Linked by Thom Holwerda on Tue 15th Oct 2013 17:18 UTC

AnandTech has reviewed the new Chromebook 11 from HP/Google.

Chrome OS is extremely purpose built and it is something that should bring about great concern to those at Microsoft. I personally don't have a problem with Windows 8, but purpose built is hardly a phrase that applies to the OS - at least if you're talking about it on a more traditional PC. I suspect by the time we get to Windows 9, Microsoft will have a better answer to the critics of 8/8.1, but that gives Google and its Chrome OS partners at least another year of marketshare erosion. At the beginning of this mobile journey I remember x86 being an advantage for Intel, and we all know what happened to that. Similarly, I remember Windows/Office being advantages for Microsoft. If Microsoft doesn't find a quick solution for making low cost Windows PCs just as well executed as Chrome OS devices, it'll find itself in a world where Windows no longer matters to entry-level/mainstream users.

Apple's taken over the high-end, Google is taking over the low-end, and in mobile, the company barely registers.

Microsoft's next CEO faces a herculean task.

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RE[3]: Comment by Stephen!
by phoenix on Tue 15th Oct 2013 19:30 UTC in reply to "RE[2]: Comment by Stephen!"
Member since:

Agreed. Windows is still dominating over 80-90% of the desktop OS market. It's not going away any time soon.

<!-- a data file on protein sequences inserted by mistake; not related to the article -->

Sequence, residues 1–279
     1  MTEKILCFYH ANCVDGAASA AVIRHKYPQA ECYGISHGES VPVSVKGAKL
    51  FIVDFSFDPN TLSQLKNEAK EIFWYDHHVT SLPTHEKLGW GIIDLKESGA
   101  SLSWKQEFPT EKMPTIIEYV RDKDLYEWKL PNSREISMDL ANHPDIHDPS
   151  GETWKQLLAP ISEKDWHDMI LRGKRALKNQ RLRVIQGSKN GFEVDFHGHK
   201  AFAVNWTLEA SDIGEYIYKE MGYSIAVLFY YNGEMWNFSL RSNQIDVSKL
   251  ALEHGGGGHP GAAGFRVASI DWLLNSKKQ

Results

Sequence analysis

Depends on the market. ;)

Our local school district has under 5% Windows on the desktop (mostly principal laptops with the occasional programming lab configured to dual-boot into Windows). Every other desktop in the district is Linux.

And, there's an initiative underway (without the consent of the IT Dept, I might add) to add 30-60 Chromebooks to each elementary school. That will bring the % of Windows down even further.

We may not be a large district (14,000 students, 2100 staff; ~5000 desktops, several thousand laptops, several hundred tablets), but we have been using alternatives to Windows for over 10 years now. ;)

We've received comments from former students complaining about the use of Windows in the local university, and just how restrictive Windows is. We've also received comments from teachers moving to other districts about how limiting their Windows setups are (no remote access via NX, no access to home directories at other schools via SCP/SFTP, no webmail access, etc).

IOW, don't discount the effects of "the other 10% of the desktop market". ;) We may only have 5,000 desktops, but we've put 20,000+ students through many years of use with lasting, long-term effects that aren't noticed right away. ;)

Reply Parent Score: 3

RE[4]: Comment by Stephen!
by smashIt on Tue 15th Oct 2013 19:47 in reply to "RE[3]: Comment by Stephen!"
smashIt Member since:

but we have been using alternatives to Windows for over 10 years now. ;)

which leads to the question how well you prepared your pupils for the time after school

Reply Parent Score: 2

RE[5]: Comment by Stephen!
by phoenix on Tue 15th Oct 2013 19:55 in reply to "RE[4]: Comment by Stephen!"
phoenix Member since:

Very well.

The first couple of years was bumpy as we had to "force" a lot of teachers to stop "teaching" the specific menu locations of things in MS Word, and instead to start teaching concepts like formatting, layout, content, etc. IOW, teaching transferable skills that can be used with any word processing suite, instead of just that one (out-dated) version of MS Word. ;)

Not to mention, they are exposed to a lot more than just Windows + Office. When you get complaints about how limiting the university setup is (they are a 100% Microsoft shop) compared to the K-12 school district, you know you're doing something right!

Reply Parent Score: 7